Knee OA – adipose
Intra-articular Injection of Mesenchymal Stem Cells for the Treatment of Osteoarthritis of the Knee: A 2-Year Follow-up Study.

CH Jo, JW Chai, EC Jeong, S Oh, JS Shin, H Shim, KS Yoon. American Journal of Sports Medicine. 2017 Oct;45(12):2774-2783.

This study reported that an intra-articular injection of adipose-derived MSCs improved knee function and reduced pain for up to two years, regardless of the cell dosage of the injection. There were significant improvements in the high dose groups as opposed to the low and medium dose groups.

Proof of concept paper
Intra-articular injection of mesenchymal stem cells for the treatment of osteoarthritis of the knee: a proof-of-concept clinical trial.

CH Jo, YG Lee, WH Shin, H Kim, JW Chai, EC Jeong, JE Kim, H Shim, JS Shin, IS Shin, JC Ra, S Oh, KS Yoon. Stem Cells. 2014 May;32(5):1254-66.

The results of this paper showed that intra-articular injections of adipose-derived MSCs into knees with OA improved function and pain without adverse effects. Furthermore, cartilage defects were reduced as a results of cartilage regeneration. The study used numerous clinical and quantitative scales to measure improvement, as well as arthroscopic techniques.

Knee OA – adipose
Clinical results and second-look arthroscopic findings after treatment with adipose-derived stem cells for knee osteoarthritis.

YG Koh, YJ Choi, SK Kwon, YS Kim, JE Yeo. Knee surgery, sports traumatology, arthroscopy: official journal of the ESSKA. 2015 May;23(5):1308-16.

Adipose-derived stem cell therapy for elderly patients with knee OA was effective in cartilage healing, reducing pain, and improving function. Therefore, adipose-derived stem cell treatment appears to be a good option for OA treatment in elderly patients.

Rotator Cuff – Adipose
Intratendinous Injection of Autologous Adipose Tissue-Derived Mesenchymal Stem Cells for the Treatment of Rotator Cuff Disease: A First-In-Human Trial.

CH Jo, JW Chai, EC Jeong, S Oh, PS Kim, JY Yoon, KS Yoon. Stem Cells. 2018 Sep;36(9):1441-1450.

Shoulder pain was significantly alleviated by 71% in the high-dose group. Magnetic resonance imaging examination showed that volume of the bursal-side defect significantly decreased by 90% in the high-dose group. Arthroscopic examination demonstrated that volume of the articular- and bursal-side defects decreased by 83% and 90% in the mid- and high-dose groups, respectively. Intratendinous injection of adipose tissue derived MSCs in patient with a partial-thickness rotator cuff tear did not cause adverse events, but improved shoulder function, and relieved pain through regeneration of rotator cuff tendon.

Knee OA – adipose
Autologous and micro-fragmented adipose tissue for the treatment of diffuse degenerative knee osteoarthritis.

A Russo, V Condello, V Madonna, M Guerriero, C Zorzi. Journal of experimental orthopedics. 2017 Oct 3;4(1):33.

The results of this study show the safety and feasibility of using autologous and micro-fragmented adipose tissue in patients affected by diffuse degenerative chondral lesions. The technique is safe, minimally invasive, simple, one-step, with low percentage of complications, and compliant with the regulatory panorama.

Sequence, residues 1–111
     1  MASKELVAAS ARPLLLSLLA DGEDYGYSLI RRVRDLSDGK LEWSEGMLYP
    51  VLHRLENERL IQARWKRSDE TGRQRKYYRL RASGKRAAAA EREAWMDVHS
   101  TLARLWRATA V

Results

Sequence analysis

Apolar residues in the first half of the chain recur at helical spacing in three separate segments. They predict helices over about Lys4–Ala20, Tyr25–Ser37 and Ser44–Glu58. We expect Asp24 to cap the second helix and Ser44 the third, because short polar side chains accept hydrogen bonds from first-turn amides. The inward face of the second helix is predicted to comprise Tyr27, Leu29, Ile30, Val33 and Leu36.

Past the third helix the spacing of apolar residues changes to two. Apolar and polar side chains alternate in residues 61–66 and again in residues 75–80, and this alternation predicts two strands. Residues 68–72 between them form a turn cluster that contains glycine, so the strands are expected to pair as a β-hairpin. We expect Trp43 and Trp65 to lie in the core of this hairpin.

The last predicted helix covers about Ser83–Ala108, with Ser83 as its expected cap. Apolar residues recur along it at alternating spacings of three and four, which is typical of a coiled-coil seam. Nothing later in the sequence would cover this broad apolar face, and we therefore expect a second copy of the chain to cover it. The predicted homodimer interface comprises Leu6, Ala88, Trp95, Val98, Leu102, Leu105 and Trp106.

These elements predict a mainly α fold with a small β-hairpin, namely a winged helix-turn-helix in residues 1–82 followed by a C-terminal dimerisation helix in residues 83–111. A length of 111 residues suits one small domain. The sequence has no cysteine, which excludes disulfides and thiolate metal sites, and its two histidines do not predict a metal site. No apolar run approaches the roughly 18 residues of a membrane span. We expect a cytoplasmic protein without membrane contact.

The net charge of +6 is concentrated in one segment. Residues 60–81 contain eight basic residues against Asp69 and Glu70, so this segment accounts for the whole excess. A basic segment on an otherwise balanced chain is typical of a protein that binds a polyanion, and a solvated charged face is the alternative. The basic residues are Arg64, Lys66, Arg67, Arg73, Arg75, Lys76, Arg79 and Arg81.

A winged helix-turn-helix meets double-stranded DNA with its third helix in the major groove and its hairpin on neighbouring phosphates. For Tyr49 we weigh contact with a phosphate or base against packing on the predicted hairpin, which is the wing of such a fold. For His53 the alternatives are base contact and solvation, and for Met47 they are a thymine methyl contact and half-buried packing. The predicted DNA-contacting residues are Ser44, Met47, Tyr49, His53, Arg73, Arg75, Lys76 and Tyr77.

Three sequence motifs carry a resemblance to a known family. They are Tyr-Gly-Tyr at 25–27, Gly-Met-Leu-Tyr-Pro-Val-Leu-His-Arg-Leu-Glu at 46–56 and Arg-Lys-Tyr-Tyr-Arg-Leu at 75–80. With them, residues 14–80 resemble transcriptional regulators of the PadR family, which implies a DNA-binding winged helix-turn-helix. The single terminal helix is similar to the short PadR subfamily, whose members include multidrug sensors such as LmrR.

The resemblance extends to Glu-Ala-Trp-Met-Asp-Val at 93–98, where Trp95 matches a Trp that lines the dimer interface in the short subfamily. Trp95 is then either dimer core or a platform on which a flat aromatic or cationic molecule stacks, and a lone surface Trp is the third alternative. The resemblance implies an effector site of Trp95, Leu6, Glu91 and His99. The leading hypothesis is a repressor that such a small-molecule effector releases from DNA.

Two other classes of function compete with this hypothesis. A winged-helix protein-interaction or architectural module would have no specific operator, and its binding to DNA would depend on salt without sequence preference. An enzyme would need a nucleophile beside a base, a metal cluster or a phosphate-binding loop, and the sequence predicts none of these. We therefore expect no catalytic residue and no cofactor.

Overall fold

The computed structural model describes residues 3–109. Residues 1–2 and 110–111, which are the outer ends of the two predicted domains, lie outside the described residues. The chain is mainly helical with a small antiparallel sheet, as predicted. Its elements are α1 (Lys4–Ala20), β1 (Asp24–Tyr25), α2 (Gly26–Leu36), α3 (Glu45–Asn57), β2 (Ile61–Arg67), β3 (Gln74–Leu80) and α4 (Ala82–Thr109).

Disc
Intervertebral disc repair by autologous mesenchymal bone marrow cells: a pilot study.

L Orozco, R Soler, C Morera, M Alberca, A Sánchez, J García-Sancho. Transplantation. 2011 Oct 15;92(7):822-8.

MSC therapy may be a valid alternative treatment for chronic back pain caused by degenerative disc disease. Patients injected with MSCs exhibited rapid improvement of pain and water content, and the results favorably compare to more invasive procedures. This procedure is more advantageous dues to its conservative nature, maintenance of natural tissues and bone, as well as comparable pain relief.

Disc
Percutaneous injection of autologous bone marrow concentrate cells significantly reduces lumbar discogenic pain through 12 months.

KA Pettine KA, MB Murphy, RK Suzuki, TT Sand. Stem Cells. 2015 Jan;33(1):146-56.

Patients in this study received BMAC injections and reported substantial reduction in pain, with those receiving higher doses improving significantly faster than low dose patients. This study demonstrates evidence of safety and feasibility in nonsurgically treating degenerative disc disease with BMC, and indicates an effect of mesenchymal cell concentration on pain reduction.

Disc
Treatment of discogenic back pain with autologous bone marrow concentrate injection with minimum two year follow-up.

K Pettine, R Suzuki, T Sand, M Murphy. International Orthopedics. 2016 Jan;40(1):135-40.

BMAC injections do not cause any complications in patients, and indeed produce encouraging results for the use of BMAC in treating disc disorders. 92% of patients avoided surgery through 12 months post-procedure, and 81% through 24 months. Additionally, patients experienced reduced pain, and the rate of pain reduction was linked to MSC concentration in the injection.

 
 

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Tenafly Fort Lee Riverdale

Rehabilitation Institute